It has seen an impact this year, Henry like it’s been affected by the overall economy just like every other segment of the company. What we are seeing is it is starting to see some benefits around the stimulus spending as more projects come forward and just to kind of give you a quick update on that, roughly there’s about just under 7000 projects that have been funded that are in the pipeline and that roughly is about $35 billion of spend.

A lot of that is around infrastructure. We have been tracking those through the course of the year and some of the projects that we’re seeing in spending as benefiting them like the Minneapolis utility tunnel and sewage treatment plant, the project I mentioned last quarter in Salt Lake City as well as other projects in New York and across North America. So, next year it should benefit very well as the stimulus package starts to unfold.

Henry Kirn – UBS

In terms of your fleet, could you talk a little bit about maybe by type of fleet where you would be looking to still add fleet and de-fleet as we go to the next nine months to a year?

Michael Kneeland

It’s the same program we’ve been mentioning all along will be de-fleeting in aerial and adding more I would say de-fleet. We’ll change our mix so that we’ll not be adding as much aerial. We will be adding more earthmoving and then some other products as well as we go into the industrial sector, but I would say that when you look at forklifts; forklifts, we’re not going to be expanding reach forklifts. You’ll see us expand in the arena of industrial forklifts.

Operator

Your next question comes from Manish Somaiya – Citi

Manish Somaiya – Citi

First one on used equipment prices, we did see used equipment prices improve in July and August and I wanted to get your thoughts if that is sustainable.

Michael Kneeland

If you go through time and you take a look at the past, as you go into the fourth quarter, historically our used prices come under pressure. My sense was that will continue as we go through the fourth quarter, but then as we start to come through in February, they should bounce back as you’re starting to see the stimulus package and earthmoving type related jobs start to move forward.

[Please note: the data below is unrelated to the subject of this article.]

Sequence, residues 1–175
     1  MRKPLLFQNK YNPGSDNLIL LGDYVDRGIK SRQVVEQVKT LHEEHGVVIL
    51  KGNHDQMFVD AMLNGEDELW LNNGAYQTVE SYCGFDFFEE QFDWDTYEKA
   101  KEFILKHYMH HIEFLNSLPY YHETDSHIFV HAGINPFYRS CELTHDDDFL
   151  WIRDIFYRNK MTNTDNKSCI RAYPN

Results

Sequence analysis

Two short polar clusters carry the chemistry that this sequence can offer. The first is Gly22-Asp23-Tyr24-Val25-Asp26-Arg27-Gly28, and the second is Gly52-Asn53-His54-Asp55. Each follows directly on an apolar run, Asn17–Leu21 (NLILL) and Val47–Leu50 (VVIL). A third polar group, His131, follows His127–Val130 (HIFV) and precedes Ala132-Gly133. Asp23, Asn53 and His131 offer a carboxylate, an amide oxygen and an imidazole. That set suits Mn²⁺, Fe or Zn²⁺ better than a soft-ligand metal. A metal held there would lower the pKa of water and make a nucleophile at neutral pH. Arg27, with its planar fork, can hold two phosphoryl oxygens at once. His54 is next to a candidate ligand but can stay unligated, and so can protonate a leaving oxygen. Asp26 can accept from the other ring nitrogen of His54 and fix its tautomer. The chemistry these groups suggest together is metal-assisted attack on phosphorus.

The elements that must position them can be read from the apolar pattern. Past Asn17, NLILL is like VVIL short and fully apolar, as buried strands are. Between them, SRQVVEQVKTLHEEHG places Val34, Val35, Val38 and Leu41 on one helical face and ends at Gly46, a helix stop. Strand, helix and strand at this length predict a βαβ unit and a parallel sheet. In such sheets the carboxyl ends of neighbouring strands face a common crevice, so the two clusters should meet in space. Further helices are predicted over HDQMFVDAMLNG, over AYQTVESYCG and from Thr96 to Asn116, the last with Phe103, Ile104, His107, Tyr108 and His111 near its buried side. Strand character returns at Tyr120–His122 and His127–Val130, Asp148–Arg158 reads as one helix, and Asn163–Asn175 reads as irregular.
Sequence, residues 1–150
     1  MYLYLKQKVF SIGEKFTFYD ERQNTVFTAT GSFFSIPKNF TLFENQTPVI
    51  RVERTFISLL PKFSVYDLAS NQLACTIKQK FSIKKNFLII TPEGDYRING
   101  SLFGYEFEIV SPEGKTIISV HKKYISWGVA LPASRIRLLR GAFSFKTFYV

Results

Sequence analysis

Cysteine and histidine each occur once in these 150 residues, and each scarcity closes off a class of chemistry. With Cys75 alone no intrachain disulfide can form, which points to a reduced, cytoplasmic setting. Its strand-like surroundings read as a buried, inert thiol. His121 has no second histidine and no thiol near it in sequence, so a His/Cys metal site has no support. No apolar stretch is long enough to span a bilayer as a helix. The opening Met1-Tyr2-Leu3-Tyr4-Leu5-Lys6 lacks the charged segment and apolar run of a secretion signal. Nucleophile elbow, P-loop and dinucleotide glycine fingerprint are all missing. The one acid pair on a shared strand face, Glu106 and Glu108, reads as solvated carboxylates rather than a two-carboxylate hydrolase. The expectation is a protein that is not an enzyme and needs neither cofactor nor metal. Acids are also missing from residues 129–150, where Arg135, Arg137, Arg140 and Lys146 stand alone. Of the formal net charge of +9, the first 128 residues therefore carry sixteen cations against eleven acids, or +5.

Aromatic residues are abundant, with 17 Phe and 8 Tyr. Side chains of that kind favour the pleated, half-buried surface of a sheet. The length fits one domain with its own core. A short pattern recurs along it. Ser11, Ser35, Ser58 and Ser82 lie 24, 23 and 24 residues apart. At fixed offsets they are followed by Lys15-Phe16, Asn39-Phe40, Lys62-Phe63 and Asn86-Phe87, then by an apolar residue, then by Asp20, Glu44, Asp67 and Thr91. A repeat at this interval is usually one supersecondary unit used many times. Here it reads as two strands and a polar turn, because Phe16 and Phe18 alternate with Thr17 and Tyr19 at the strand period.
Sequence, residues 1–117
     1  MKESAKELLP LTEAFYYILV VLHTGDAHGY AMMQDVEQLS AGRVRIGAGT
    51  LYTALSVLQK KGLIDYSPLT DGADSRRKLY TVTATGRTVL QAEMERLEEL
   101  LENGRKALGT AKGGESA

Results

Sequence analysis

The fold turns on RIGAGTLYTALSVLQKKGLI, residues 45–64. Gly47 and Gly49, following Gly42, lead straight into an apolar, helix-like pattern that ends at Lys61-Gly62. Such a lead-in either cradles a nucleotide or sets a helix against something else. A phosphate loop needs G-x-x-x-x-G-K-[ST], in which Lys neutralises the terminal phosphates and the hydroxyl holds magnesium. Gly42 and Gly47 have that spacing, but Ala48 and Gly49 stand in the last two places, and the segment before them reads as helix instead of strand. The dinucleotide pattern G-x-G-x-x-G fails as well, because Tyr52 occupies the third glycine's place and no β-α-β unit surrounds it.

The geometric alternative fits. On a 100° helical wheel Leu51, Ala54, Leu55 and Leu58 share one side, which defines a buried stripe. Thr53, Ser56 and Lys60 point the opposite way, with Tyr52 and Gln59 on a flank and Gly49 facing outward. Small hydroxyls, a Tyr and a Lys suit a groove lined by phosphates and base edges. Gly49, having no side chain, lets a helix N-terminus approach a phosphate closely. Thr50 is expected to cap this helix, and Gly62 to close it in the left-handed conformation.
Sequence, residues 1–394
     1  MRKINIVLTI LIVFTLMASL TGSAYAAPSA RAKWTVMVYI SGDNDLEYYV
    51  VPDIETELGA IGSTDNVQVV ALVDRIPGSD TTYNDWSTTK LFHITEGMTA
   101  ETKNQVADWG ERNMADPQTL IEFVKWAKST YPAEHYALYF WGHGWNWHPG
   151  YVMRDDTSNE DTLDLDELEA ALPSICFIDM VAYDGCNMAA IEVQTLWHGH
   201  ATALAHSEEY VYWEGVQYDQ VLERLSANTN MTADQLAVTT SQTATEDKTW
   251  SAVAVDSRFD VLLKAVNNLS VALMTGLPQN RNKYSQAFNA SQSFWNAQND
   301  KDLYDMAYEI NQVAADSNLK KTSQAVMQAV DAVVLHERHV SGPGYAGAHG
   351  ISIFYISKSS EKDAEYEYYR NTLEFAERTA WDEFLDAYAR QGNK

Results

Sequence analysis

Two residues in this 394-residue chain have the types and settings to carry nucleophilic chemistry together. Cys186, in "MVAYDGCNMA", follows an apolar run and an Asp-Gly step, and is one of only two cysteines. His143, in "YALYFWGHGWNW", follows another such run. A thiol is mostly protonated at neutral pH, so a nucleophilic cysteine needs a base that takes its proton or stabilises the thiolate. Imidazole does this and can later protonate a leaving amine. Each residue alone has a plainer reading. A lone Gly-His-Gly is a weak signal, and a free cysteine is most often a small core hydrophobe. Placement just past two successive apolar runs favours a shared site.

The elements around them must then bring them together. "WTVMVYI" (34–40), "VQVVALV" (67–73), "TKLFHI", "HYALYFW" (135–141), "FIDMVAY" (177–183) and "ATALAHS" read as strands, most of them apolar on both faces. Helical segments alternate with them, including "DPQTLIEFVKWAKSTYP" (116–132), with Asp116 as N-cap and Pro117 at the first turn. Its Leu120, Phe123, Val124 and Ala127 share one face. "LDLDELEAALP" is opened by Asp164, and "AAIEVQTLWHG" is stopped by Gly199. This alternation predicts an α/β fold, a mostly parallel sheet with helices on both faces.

That’s consistent with what we’re seeing in the used market where you’re seeing specifically certain categories of equipment that have actually firmed up as we have gone through the year. I think aerial when you break that apart, booms will still be very resilient and I should say pressure will be towards the scissor lifts. So, I think that used market will start to begin to improve as we go through ‘10.

Manish Somaiya – Citi

Just a follow up on the acquisition that you made of Leasco in July, do you see more opportunities along those lines to build out your industrial business as we look ahead?

Michael Kneeland

We are always looking. I’ll tell you, the Leasco acquisition was timely and a great acquisition for us because it gave us a lot of insight and best practices for a company that’s been around for 20 years. So, yes we’re always looking for those types it has to fit within our total package of what we’re looking at with a high concentration of industrial. We’re looking for areas where we can learn, but we’re always open to those ideas Manish.

Manish Somaiya – Citi

Just lastly for Bill, the free cash flow guidance looks fairly conservative based on what you have done in the first nine months. Can you just give us more color as to why are you think the fourth quarter may not be as powerful from a free cash flow generation perspective as it has been historically?

William Plummer

First and foremost, it’s seasonally a slower operating cash flow generating quarter, but I think probably more to the point, we have still some notions of some amount of CapEx spending that we want to do late in the year.

We have dial back or accelerated into the earlier part of the year, I’ll say, our used equipment sales and so the proceeds will probably be a little lighter in the fourth quarter than otherwise it might have been and you put all that together and it adds up to a free cash flow outlook that we felt 350 was the most prudent number to put out. We will look for opportunities to drive it a little higher and we will just have to see how things well.

Operator

Your next question comes from Emily Shanks – Barclays Capital.

Emily Shanks – Barclays Capital